John Otim

Mr. Apita and his grand daughter /John Otim

Nikanori Apita used the classroom to shape the minds of generations, weaning them out of racist ideology of Empire that cramped their mental growth. Empire’s ideology was ingrained in the colonial texts it was his duty to teach. Apita decided his task was to subvert the texts.


Ali Mazrui had many followers around the globe but he also had many detractors. His BBC series “The Africans”, watched by millions around the world, won him many admirers in Nigeria, but they also won him enemies who accused him of being nothing more than a propagandist for a religious cause.


The inheritance of the colonial university was the postcolonial state’s most ‘prized possession’, writes John Otim. Fifty years on the colonial mission and principles have disappeared from Africa’s universities: ‘Good’, states Otim, ‘But nothing has been put in its place. In the vacuum, the regime of marks, grades and the final certificate at the end takes centre stage… The university has become big business.’ Otim ends, though, with a quiet assertion: ‘Not all is lost yet on the more


Ugandan-born lecturer John Otim recounts his experience of an attempt to assassinate him at his home on the campus of Nigeria’s Ahmadu Bello University in December.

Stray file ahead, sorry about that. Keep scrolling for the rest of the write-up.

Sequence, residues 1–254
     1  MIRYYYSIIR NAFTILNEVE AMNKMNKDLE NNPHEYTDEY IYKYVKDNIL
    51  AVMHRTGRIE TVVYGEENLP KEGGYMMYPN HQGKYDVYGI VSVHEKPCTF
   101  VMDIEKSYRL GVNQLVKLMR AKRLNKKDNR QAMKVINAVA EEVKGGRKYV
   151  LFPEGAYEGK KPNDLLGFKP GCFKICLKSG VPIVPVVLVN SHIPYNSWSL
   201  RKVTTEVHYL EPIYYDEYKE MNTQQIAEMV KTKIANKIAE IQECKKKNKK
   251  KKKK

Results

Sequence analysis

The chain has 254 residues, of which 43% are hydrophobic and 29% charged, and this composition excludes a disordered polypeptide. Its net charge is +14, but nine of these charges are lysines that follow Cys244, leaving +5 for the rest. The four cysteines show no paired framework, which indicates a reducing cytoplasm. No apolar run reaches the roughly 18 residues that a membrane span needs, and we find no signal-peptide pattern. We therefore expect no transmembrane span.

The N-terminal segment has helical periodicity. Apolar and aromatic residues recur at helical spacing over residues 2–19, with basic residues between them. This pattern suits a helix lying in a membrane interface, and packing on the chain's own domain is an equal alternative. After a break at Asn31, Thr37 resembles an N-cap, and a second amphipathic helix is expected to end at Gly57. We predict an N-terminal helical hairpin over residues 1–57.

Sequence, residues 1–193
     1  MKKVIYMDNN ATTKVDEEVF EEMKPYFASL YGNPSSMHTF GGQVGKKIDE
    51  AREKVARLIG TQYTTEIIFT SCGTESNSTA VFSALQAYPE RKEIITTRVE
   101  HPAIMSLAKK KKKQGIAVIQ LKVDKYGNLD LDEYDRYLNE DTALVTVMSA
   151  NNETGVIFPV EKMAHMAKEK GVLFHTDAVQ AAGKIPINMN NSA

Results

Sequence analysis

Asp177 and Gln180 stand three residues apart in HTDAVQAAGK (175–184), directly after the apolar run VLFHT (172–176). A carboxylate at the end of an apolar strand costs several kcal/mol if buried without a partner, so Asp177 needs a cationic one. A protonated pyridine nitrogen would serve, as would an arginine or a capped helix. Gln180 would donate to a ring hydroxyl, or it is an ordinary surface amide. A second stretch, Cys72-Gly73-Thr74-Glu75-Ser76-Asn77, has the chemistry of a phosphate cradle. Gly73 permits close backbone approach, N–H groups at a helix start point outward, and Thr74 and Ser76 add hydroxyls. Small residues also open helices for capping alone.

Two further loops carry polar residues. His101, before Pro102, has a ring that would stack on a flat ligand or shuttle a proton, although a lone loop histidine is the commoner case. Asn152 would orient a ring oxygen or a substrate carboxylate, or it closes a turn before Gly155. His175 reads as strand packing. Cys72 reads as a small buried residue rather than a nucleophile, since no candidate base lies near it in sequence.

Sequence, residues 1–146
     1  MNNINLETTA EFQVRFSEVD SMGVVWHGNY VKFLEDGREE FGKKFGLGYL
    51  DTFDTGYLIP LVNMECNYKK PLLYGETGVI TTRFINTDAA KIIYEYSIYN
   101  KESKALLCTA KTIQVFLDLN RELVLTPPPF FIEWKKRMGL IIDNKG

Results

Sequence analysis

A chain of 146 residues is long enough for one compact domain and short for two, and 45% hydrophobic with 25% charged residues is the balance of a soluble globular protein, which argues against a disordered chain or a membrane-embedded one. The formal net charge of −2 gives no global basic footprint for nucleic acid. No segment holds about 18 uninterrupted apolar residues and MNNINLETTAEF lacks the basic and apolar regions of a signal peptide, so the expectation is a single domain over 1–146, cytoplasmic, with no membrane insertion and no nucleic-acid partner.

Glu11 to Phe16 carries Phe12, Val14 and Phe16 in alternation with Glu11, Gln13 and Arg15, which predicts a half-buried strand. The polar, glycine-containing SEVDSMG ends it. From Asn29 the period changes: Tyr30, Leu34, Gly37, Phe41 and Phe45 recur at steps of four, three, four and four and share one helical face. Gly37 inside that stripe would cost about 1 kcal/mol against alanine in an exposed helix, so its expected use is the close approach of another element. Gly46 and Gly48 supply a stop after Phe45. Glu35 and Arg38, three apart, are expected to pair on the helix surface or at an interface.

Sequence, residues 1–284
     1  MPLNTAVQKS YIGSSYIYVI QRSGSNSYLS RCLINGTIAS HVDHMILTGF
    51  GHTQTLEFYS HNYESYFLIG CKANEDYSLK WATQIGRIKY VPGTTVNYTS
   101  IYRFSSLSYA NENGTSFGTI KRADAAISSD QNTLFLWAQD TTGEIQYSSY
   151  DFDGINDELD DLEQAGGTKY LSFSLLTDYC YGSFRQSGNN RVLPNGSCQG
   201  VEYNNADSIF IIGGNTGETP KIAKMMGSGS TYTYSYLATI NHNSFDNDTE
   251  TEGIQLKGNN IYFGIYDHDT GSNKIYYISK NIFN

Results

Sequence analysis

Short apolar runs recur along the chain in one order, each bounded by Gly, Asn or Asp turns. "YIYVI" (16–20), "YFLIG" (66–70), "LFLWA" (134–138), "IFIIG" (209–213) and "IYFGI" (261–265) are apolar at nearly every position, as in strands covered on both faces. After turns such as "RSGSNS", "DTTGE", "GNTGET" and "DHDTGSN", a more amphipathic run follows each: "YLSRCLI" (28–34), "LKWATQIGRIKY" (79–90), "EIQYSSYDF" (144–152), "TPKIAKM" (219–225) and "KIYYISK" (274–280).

It was ‘from Ibadan that modern African literature rose’, John Otim writes in this week’s Pambazuka News. ‘There was a buzz, people sat up and took note. They examined the new thing, seeking out signs of deference to Empire, some acknowledgement, some appeal to European authority. Things Fall Apart showed none of that. It was Africa recreating Africa. The college and the city of Ibadan had found its voice’.


The recent death of Senator Edward Kennedy marked the end of the long dynasty of the Kennedys, who were not only prominent in domestic US politics but also on the world stage. In this week's Pambazuka News, John Otim reflects upon the relationship that Africa had with the Kennedys. Arguing that much has changed since the decolonisation process and the subsequent Cold War, and most importantly with Africa’s relationship to the US, Otim writes that Africans will mourn the death of a figure who more

John Otim discusses Okello Oculi’s 1968 work 'Prostitute' – 'a fast-moving early post-colonial piece of writing published by a young Makerere University student' – which he tells Pambazuka News readers makes for impassioned reading.

When I listen to Nigerians talk, the story is the same. Ugandans tell the same story. Ghanaians likewise. What shall africa do? I guess if wambui were she in her native Kenya, not Canada, she would prefer not to write like this: . My school friends are reluctant to as much as evaluate their school experience. Somebody will hear them you see. Worse could happen you know. What shall Africa do?